Five documents you need as you age
As an “elder law” attorney, I help people protect themselves, and their loved ones, from the curveballs that life throws us as we age, get sick, or become incapacitated.
“Elder Law” is a slight misnomer, while most of my clients are over 65, a few even over 100, we help anyone who is over 18 years old because life events can come at any age. Many of the families that I work with weren’t even aware this type of planning was available before they found out how necessary it is. Often, I am asked, “Why haven’t I heard of this before?” Unfortunately, most people don’t know what they should, or even could, do to protect themselves, and their aging loved ones, and just don’t want to think about how scary some of the realities are, like of the people that reach 65 years old nearly 70 percent will need long-term care before they die. For perspective, almost everyone has heard of a will, but nearly 60 percent of adults in the U.S. don’t have one. Including a will, there are five legal documents that help provide peace of mind that you have done the planning necessary to protect yourself and your loved ones as you age.
One of the most important legal documents that you can have during your lifetime is a Durable Financial Power of Attorney. A DPOA allows for you to grant someone, your agent, the authority to act on your behalf in matters that involve contracts, like your utilities, or finances, like your bank accounts and investments. Many couples believe all of their accounts are joint but forget that being a beneficiary on an account, especially something like an IRA or other qualified funds, doesn’t allow your spouse to access the money for you if you become unable to do so. An added benefit of the DPOA is it can also allow for liability protection for the agent while they act on your behalf, so someone like your spouse or child doesn’t end up being liable for your hospital bills when you can’t sign forms yourself.
The ability to make choices over our body is one right that all of us hold very dearly. Losing autonomy is one of our greatest fears as we grow older. An Advanced Directive for Healthcare allows us to nominate someone that we love and understands our wants and preferences to make medical decisions, if we are no longer able to communicate our wishes ourselves. There is some confusion about this legal document because many times seniors are afraid that if they execute an advanced directive their children can “put them in a home,” that is far from the truth. While you are able to make your own decisions, this document doesn’t transfer the authority away from you to do so.
Many of us already have this document in place and don’t realize it, it is included in the big stack of forms we get when we go to a new doctor. Unfortunately, most of us don’t fill it out fully, we need to put a complete list of the people we want to have access to view our medical records and speak with our doctors. A universal one also allows for you to use it outside of your current doctor network without hassle. With doctors getting busier and busier sometimes we feel like they use the lack of this document to push off having to speak with our family members that are trying to help us better understand our prognosis, having a release of medical information document lets us move pass that hurdle to help our loved ones.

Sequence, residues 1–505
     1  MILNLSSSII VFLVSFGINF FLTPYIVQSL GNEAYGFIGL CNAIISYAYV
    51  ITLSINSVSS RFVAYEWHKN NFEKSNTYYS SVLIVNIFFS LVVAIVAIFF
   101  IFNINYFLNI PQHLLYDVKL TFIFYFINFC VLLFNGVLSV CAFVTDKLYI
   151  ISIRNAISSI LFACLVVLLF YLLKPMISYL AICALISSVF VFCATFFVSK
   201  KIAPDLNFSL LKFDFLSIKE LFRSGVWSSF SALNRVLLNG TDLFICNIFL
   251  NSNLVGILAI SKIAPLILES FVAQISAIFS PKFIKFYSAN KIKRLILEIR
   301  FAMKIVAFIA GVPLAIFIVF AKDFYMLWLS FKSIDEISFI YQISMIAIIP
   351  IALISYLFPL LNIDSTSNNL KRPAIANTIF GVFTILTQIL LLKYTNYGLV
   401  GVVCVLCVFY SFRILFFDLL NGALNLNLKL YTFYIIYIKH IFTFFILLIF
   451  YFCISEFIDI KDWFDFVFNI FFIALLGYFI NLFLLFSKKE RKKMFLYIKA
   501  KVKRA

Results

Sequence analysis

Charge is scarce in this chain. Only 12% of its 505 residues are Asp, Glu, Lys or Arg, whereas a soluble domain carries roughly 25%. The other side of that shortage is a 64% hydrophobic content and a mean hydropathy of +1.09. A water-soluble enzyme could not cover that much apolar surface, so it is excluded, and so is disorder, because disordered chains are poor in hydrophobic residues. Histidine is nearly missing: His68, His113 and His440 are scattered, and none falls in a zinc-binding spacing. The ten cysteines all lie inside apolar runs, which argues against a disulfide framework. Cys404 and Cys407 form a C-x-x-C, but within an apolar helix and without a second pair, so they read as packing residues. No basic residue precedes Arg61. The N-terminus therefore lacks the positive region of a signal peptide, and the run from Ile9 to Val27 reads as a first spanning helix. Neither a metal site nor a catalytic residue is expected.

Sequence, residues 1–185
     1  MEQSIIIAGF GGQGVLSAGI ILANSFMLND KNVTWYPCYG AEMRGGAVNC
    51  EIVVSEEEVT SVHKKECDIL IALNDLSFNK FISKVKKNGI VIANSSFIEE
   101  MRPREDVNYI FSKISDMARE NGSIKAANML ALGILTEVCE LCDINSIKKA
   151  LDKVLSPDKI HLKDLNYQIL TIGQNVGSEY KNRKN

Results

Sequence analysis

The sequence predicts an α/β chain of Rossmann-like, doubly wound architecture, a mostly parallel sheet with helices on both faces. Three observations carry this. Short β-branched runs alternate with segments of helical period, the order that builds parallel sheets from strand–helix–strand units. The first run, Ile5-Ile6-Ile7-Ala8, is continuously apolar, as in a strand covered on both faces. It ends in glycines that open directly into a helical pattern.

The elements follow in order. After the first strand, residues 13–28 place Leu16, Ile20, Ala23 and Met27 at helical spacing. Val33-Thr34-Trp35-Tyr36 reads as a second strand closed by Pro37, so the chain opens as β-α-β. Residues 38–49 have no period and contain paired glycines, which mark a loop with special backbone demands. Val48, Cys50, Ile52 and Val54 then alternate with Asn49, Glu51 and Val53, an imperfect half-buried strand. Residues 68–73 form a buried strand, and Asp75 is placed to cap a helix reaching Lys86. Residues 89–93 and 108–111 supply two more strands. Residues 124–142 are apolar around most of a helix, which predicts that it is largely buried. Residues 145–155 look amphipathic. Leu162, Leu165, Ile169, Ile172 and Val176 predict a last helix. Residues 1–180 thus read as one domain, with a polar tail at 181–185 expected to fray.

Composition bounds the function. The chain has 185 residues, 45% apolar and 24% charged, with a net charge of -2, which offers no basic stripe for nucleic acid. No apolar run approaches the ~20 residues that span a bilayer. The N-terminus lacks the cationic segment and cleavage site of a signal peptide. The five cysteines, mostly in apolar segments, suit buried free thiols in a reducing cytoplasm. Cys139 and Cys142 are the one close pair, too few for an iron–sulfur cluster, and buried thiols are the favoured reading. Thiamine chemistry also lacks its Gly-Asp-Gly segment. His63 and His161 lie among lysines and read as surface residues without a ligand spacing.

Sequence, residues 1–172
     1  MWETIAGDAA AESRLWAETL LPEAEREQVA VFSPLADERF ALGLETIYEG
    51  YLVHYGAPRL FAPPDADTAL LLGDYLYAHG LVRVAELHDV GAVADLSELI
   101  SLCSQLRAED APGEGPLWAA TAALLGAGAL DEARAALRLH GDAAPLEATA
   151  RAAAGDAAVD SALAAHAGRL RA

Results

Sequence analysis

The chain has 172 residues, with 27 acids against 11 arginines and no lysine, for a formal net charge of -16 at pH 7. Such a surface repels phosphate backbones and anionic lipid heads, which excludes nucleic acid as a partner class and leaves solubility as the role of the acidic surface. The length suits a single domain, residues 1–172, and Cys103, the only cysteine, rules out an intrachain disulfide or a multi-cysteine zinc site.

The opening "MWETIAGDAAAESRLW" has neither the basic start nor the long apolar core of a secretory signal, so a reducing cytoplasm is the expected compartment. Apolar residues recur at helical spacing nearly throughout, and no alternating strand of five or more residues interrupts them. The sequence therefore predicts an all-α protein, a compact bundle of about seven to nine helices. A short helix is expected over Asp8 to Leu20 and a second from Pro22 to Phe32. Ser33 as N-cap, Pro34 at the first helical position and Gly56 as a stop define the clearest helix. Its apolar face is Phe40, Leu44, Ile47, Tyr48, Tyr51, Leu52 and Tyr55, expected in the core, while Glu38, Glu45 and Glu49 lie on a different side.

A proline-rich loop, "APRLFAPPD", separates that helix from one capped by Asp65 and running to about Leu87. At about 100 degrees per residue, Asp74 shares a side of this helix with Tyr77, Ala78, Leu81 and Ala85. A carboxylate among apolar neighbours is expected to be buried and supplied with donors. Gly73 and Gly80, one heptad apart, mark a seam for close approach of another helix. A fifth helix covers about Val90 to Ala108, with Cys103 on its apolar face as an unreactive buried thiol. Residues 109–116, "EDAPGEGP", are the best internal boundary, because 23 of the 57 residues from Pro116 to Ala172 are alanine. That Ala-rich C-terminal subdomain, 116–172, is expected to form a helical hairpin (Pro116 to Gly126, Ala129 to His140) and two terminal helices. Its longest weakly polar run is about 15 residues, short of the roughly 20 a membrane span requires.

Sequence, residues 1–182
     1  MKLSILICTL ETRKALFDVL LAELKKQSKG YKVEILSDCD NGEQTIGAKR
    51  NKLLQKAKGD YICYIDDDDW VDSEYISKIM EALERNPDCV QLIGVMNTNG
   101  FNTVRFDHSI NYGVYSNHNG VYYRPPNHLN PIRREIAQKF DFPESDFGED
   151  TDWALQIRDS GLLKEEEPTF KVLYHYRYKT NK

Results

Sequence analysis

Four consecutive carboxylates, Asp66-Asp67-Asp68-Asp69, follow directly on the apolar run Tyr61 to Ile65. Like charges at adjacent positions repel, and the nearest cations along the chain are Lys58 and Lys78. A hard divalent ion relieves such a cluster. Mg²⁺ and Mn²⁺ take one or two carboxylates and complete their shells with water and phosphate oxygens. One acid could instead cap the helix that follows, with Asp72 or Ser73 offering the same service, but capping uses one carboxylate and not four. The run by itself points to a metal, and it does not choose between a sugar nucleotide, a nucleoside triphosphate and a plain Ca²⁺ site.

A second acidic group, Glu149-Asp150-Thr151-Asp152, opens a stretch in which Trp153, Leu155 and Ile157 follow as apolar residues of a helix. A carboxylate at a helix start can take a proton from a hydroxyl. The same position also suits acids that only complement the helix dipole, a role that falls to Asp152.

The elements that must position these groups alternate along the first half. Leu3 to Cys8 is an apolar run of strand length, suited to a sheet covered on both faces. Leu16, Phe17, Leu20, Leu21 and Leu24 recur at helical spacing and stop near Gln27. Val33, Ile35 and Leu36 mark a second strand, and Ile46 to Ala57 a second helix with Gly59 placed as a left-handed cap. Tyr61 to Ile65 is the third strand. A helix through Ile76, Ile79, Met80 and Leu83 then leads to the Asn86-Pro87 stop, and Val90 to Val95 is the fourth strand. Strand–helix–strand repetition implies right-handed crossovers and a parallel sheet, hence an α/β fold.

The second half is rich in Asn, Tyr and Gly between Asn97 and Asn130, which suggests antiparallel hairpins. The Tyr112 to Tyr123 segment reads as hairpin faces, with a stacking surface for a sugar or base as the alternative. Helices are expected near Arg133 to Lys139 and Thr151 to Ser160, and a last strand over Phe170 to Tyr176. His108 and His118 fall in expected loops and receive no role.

There is confusion about a living will and a Do Not Resuscitate order. A living will allows you to make the decision in advance, to take the burden off of a loved one or court having to make the decision for you later, about your choice to have life sustaining treatment (feeding tube, vent tube, artificial lung, etc.) continue if you become medically ill to the point it is irreversible and terminal. A DNR is different, it is a prescriptive order from your physician that states that you don’t want to be resuscitated if you have a major health event, and this prevents things like CPR and defibrillator paddles being used to restart your heart.
A Last Will, helps you designate where your belongings and assets will be distributed when you die. Most people misunderstand that a will skips probate court, this is not correct, you cannot just walk into the bank or your parent’s financial adviser after their passing and get your inheritance. Even with a will the probate process is still required to determine where singularly titled assets without a beneficiary designation will go.
Bonus: A properly funded trust agreement — Many people have a desire to avoid probate to add some simplicity and ease to the process of transferring assets when they die. Probate is not a hard process as long as everyone agrees and cooperates, but it is still extra stress during an already stressful time when you are grieving. Additionally, certain types of trusts can help shield assets from long term care costs so that there is more left over to pass on your legacy.
I hope these tips help you protect yourself and the ones you love!
Cindy Nelson is an attorney with Nelson Elder Care Law, LLC in Woodstock. She specializes in
advocacy for seniors.